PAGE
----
Introduction: Holmium laser enucleation of the prostate (HoLEP) is recommended for prostate glands of all sizes and is becoming a popular alternative to the transurethral resection of the prostate (TURP). Side effects of the procedure include stress incontinence, irritative lower urinary tract symptoms, and sexual function, most commonly retrograde ejaculation. We sought to evaluate perioperative outcomes related to sexual function and urinary function in patients who underwent selective laser enucleation of the prostate.
Methods: We conducted a retrospective review of the first 300 cases of HoLEP was performed from April 2019 – August 2021. Thirty-two patients within our cohort underwent selective enucleation of the median lobe of the prostate. Criteria for choosing to treat patients with selective enucleation were intravesical-prostatic protrusion or high bladder neck without obstructing lateral lobes. Patients were asked to comment on whether they had retrograde ejaculation during their follow up appointment. Urinary function was assessed using the American Urological Association Symptom Score (AUA-SS) and subjective evaluation of urinary incontinence.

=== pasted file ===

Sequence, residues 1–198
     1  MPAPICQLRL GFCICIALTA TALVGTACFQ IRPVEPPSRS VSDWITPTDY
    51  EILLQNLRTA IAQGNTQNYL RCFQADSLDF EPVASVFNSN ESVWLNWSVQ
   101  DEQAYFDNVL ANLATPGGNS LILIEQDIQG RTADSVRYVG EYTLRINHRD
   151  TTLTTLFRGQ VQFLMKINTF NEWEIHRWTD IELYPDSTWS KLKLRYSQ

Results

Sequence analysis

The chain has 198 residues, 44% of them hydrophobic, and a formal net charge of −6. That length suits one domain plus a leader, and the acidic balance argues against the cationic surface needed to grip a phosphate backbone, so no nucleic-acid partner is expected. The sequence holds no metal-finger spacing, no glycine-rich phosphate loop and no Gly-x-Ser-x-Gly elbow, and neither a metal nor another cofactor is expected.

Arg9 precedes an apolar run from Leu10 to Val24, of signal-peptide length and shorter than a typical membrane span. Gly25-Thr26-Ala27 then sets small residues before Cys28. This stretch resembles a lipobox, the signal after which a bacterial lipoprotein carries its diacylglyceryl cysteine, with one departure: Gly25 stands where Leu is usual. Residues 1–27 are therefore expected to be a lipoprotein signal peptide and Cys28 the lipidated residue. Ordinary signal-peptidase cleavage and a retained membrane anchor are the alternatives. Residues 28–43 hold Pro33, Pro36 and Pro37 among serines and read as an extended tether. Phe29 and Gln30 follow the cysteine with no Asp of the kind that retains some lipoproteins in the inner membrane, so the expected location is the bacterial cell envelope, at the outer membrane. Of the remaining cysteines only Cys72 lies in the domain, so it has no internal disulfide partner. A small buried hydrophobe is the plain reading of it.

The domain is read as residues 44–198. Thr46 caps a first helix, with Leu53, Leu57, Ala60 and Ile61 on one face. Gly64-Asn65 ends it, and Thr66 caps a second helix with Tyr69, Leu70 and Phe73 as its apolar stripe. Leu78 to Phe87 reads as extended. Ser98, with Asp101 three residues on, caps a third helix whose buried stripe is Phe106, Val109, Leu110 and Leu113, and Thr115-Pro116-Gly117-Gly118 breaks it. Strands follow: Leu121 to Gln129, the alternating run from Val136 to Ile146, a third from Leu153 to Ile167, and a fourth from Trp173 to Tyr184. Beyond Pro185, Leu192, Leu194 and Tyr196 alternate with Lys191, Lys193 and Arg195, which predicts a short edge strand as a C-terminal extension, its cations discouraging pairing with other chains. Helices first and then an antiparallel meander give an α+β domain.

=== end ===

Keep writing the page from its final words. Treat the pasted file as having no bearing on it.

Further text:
Results: Mean age of our cohort was 65.9 years of age. Average peri-operative AUA-SS scores significantly improved (21.7 vs 6.8, p < 0.001). Average peri-operative quality of life scores significantly improved (4.1 vs 1.4, p < 0.001). Average peri-operative post void residual volumes were significantly improved (228.8 cc vs 45.7 cc, p = 0.001). No patients reported stress urinary incontinence. Of the 32 patients who underwent selective enucleation of the median lobe, 26 were sexually active. Of those men, 22 reported normal ejaculation, 2 men had retrograde ejaculation that was unchanged from pre-op. Data was missing for 2 men.
Conclusions: In our case series of selective laser enucleation of the median lobe, urinary function significantly improved in short term follow-up with preservation of ejaculation in approximately 90% of men. A larger series is necessary with a longer follow up period to further investigate the durability of these findings. Further investigation is needed to define objective criteria to identify ideal candidates for selective median lobe enucleation.